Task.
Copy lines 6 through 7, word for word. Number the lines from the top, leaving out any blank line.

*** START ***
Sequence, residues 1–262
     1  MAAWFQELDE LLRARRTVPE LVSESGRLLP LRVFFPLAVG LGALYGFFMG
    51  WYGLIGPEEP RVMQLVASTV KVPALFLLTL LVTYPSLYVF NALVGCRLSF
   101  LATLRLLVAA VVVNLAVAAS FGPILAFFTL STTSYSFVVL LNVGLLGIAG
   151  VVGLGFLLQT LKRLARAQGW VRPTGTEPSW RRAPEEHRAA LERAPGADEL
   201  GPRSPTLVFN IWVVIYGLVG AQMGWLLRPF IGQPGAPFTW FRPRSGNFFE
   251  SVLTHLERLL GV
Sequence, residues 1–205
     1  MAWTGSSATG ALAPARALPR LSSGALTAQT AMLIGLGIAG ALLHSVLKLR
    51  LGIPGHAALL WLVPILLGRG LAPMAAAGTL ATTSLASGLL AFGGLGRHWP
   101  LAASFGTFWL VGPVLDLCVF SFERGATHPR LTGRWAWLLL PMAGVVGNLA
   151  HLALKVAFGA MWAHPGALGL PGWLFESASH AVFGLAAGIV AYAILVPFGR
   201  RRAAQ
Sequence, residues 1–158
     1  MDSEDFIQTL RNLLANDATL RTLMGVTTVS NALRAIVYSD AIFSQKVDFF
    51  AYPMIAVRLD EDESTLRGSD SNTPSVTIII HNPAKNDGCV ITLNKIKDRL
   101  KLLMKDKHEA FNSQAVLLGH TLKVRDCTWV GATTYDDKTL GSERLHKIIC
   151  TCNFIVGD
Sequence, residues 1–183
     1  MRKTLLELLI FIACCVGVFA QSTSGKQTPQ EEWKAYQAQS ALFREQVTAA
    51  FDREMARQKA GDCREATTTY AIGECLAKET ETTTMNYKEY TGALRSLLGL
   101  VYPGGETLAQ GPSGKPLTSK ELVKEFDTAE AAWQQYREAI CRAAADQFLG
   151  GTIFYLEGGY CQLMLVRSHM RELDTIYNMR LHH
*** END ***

   201  GPRSPTLVFN IWVVIYGLVG AQMGWLLRPF IGQPGAPFTW FRPRSGNFFE
   251  SVLTHLERLL GV